John Philipps Kenyon

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John Philipps Kenyon (18 June 1927 – 6 January 1996) was an English historian and Fellow of the British Academy.[1] His area of expertise was 17th-century England.[2]


Kenyon was born in Sheffield where he attended King Edward VII School and then Sheffield University[2] where he obtained a first class degree in History in 1948[3] before going to Cambridge to take a doctorate as a pupil of J. H. Plumb. He obtained his doctorate in 1954 and was appointed a fellow of Christ's College, Cambridge,[4] before going on to become Hull's history professor for 19 years, followed by six years at St Andrews. From 1987 to 1994 he was Distinguished Professor of early modern British history at the University of Kansas. For many years he was a regular reviewer for The Observer.[2]

Certainly some of his summary imaginations or ideas on historical events or people, would today be considered simplistic and ignorant and definitively racist, for example describing Richard_Talbot,_1st_Earl_of_Tyrconnell J. P. Kenyon, writing in 1958, described him as a "bogtrotter" who spoke for the "rapacious, ignorant, anarchic forces of Irish Catholicism, at the lowest stage of civilisation in western Europe".[5]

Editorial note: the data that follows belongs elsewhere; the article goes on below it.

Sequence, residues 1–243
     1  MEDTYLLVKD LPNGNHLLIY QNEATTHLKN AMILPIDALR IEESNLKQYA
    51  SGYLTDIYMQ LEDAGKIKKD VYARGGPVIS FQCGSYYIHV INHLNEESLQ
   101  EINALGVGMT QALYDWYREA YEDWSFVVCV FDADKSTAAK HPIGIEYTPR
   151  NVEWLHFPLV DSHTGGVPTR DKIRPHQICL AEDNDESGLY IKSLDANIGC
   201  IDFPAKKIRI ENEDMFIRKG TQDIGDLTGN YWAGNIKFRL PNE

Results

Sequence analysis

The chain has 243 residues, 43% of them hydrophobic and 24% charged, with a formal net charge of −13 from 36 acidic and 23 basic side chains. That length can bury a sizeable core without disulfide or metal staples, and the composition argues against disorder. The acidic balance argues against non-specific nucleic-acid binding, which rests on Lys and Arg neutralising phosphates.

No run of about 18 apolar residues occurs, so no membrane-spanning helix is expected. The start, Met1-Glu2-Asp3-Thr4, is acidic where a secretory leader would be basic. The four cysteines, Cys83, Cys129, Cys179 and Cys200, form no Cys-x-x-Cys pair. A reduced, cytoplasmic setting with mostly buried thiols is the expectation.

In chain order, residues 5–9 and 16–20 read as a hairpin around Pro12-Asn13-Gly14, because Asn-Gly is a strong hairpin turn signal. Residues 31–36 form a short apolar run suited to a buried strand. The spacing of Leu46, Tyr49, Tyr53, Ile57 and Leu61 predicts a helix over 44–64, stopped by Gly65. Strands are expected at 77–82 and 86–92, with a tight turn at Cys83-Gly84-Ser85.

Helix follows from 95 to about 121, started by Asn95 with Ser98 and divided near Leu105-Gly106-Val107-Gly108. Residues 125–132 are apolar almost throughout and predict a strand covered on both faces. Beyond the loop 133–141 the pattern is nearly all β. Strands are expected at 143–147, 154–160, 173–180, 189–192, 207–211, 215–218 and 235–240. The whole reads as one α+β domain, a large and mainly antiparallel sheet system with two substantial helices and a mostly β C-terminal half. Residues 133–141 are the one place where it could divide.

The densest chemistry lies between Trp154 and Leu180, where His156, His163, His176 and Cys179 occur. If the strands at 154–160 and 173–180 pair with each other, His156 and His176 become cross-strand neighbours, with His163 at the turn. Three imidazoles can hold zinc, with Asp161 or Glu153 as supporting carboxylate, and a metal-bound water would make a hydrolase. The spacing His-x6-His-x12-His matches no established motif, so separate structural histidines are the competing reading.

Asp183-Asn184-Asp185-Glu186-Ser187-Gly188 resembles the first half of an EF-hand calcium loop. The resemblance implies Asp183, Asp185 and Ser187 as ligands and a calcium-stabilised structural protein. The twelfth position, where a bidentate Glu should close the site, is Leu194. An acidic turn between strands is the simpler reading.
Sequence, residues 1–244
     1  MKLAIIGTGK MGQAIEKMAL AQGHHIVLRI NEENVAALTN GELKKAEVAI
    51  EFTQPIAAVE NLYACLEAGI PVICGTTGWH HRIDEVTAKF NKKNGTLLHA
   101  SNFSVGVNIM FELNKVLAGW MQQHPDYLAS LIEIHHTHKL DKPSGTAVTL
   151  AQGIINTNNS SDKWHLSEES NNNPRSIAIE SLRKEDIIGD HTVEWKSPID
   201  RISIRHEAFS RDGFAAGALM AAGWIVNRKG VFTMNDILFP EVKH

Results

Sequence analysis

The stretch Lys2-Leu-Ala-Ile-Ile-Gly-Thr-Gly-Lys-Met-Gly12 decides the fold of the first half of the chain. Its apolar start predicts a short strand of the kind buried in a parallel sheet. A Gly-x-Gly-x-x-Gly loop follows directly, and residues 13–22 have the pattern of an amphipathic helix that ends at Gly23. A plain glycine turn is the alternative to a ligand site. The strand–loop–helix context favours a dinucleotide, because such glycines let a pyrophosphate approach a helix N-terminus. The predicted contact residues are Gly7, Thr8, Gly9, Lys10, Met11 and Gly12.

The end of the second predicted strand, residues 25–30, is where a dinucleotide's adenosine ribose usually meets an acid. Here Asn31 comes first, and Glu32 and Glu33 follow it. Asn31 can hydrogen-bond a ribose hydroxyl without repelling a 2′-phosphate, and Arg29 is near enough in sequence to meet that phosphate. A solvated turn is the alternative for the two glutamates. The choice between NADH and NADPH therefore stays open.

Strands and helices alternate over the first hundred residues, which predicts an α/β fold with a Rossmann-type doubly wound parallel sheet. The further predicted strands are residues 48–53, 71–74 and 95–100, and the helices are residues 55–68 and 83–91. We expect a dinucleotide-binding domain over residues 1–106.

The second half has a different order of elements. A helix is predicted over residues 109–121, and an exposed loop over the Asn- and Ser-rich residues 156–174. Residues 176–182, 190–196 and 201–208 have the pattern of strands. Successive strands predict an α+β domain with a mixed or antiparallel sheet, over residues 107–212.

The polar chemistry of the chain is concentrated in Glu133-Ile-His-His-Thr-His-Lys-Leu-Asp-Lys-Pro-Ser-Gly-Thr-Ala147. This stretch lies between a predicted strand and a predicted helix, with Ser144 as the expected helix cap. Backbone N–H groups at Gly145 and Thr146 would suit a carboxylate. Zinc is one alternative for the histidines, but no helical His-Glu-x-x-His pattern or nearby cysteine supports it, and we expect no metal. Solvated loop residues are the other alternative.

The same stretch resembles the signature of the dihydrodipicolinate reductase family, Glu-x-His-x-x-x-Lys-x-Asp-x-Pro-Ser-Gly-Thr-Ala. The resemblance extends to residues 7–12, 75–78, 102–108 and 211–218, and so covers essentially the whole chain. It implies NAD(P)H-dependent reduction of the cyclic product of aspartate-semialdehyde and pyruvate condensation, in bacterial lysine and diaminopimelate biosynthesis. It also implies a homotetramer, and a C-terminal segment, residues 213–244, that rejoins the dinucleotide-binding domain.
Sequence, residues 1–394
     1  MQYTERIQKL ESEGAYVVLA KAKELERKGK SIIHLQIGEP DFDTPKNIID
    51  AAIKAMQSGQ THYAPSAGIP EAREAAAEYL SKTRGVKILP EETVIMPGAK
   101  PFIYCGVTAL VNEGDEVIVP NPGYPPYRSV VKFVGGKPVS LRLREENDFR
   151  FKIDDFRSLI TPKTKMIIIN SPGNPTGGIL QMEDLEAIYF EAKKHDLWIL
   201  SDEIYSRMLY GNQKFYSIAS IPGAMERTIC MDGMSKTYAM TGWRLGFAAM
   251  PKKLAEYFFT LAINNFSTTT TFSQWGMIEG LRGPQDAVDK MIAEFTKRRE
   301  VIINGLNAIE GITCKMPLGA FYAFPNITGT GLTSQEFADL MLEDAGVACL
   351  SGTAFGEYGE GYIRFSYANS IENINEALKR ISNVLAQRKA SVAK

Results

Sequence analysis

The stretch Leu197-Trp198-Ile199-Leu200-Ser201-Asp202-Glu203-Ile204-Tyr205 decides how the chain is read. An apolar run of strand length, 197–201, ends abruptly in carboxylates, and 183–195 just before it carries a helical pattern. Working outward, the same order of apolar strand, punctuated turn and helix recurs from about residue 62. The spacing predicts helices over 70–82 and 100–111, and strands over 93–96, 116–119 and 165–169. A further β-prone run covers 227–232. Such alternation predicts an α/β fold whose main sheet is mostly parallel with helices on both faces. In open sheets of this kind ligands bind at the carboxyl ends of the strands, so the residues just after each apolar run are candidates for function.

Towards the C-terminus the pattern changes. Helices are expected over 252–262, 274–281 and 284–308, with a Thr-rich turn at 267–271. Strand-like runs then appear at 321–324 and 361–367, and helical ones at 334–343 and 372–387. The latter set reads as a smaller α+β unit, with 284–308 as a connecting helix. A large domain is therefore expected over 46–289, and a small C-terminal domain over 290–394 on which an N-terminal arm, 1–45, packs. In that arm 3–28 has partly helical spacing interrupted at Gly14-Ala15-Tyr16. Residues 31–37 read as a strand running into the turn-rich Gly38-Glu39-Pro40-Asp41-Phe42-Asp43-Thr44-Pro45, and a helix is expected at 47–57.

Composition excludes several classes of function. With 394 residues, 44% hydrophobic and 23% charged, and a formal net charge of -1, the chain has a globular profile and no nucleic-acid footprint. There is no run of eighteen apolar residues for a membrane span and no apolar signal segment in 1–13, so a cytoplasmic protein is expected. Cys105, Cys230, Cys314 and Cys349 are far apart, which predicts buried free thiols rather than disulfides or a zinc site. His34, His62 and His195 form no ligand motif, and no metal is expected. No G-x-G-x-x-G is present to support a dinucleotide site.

• Robert Spencer, Earl of Sunderland (1958)
  • The Stuarts (1958)
  • The Stuart Constitution, 1603-1688 (1966)
  • The Popish Plot (1972)
  • Revolution Principles: The Politics of Party 1689-1720 (1977)
  • Stuart England (1978)
  • The History Men (1983)
  • The Civil Wars of England (1988)


  1. ^ Miller, John (15 January 1996). "Obituary of John Philipps Kenyon". The Guardian.
  2. ^ a b c McKendrick, Neil (10 January 1996). "Obituary: Professor John Kenyon". The Independent. Retrieved 4 October 2019.
  3. ^ "KES SPEECH DAY JUNE 23rd, 1949". Old Edwardians. 23 June 1949. Retrieved 7 April 2010.
  4. ^ "School Notes". KES Magazine. Old Edwardians. Spring 1954. Retrieved 4 October 2019.
  5. ^ * Lenihan, Padraig (28 November 2014), "In defence of Fighting, Lying, Mad Richard Talbot", The Irish Times